Silvopastoral system based on Ficus thonningii : an adaptation to climate change in northern Ethiopia uri icon

abstract

  • This study in northern Ethiopia investigated local people's perception of climate change and the role of indigenous silvopastoralism in adaptation to that change. Two hundred and forty respondents participated in a questionnaire survey and group discussions. Local communities perceive climate change in terms of biophysical and socio-economic indicators. In selecting, evaluating and comparing fodder trees for a climate-resilient silvopastoral system, local farmers used 20 criteria of varying importance and belonging to three categories: animal-based, plant-based and multipurpose. In terms of suitability for climate-resilient silvopastoral system, Ficus thonningii was ranked first among the top 10 species of trees with a composite score of 8.7 out of 10, followed by Cordia africana, Eucalyptus cameldulensis and Rhus natalensis. Locally developed protocols for propagation and use of F. thonningii have enabled establishment of a climate-resilient, sustainable silvopastoral system. As this practice combines climate change mitigation and adaptation, silvopastoral practices using locally adaptable species are recommended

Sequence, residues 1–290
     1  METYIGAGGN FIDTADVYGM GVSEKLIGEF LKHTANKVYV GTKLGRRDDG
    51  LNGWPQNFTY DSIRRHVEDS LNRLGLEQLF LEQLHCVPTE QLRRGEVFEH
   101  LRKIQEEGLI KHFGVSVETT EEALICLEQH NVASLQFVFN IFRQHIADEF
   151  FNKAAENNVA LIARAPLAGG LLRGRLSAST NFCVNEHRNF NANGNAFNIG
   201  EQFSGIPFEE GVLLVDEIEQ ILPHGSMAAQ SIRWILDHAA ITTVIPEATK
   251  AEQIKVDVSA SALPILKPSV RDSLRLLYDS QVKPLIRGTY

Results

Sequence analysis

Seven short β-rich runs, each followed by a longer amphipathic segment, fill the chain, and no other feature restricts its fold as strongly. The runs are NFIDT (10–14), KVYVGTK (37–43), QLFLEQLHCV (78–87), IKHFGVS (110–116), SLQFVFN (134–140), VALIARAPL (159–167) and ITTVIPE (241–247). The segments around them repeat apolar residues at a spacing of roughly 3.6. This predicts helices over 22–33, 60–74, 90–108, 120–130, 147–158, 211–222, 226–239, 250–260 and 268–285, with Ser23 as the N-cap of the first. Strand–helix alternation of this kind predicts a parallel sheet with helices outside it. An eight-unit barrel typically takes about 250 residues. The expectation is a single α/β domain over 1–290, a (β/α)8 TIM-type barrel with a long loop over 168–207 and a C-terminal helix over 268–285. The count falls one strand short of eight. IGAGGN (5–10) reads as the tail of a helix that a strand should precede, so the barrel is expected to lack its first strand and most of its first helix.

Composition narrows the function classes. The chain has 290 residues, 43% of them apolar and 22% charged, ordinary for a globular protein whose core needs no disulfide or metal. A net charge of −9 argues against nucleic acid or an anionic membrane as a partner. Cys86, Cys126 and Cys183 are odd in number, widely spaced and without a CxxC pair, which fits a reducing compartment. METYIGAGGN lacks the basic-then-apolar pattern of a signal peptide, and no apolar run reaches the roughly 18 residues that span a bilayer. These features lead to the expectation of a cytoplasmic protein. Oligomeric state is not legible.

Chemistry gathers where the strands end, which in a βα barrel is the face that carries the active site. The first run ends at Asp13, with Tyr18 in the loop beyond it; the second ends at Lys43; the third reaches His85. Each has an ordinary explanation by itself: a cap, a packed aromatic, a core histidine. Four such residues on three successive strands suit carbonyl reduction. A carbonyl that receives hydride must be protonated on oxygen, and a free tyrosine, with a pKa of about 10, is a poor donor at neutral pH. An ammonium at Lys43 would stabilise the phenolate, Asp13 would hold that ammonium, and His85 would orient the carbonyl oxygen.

• This study in northern Ethiopia investigated local people's perception of climate change and the role of indigenous silvopastoralism in adaptation to that change. Two hundred and forty respondents participated in a questionnaire survey and group discussions. Local communities perceive climate change in terms of biophysical and socioeconomic indicators. In selecting, evaluating and comparing fodder trees for a climate-resilient silvopastoral system, local farmers used 20 criteria of varying importance and belonging to three categories: animal-based, plant-based and multipurpose. In terms of suitability for climate-resilient silvopastoral system, Ficus thonningii was ranked first among the top 10 species of trees with a composite score of 8.7 out of 10, followed by Cordia africana, Eucalyptus cameldulensis and Rhus natalensis. Locally developed protocols for propagation and use of F. thonningii have enabled establishment of a climate-resilient, sustainable silvopastoral system. As this practice combines climate change mitigation and adaptation, silvopastoral practices using locally adaptable species are recommended.

publication date

  • 2015
  • 2015
  • 2015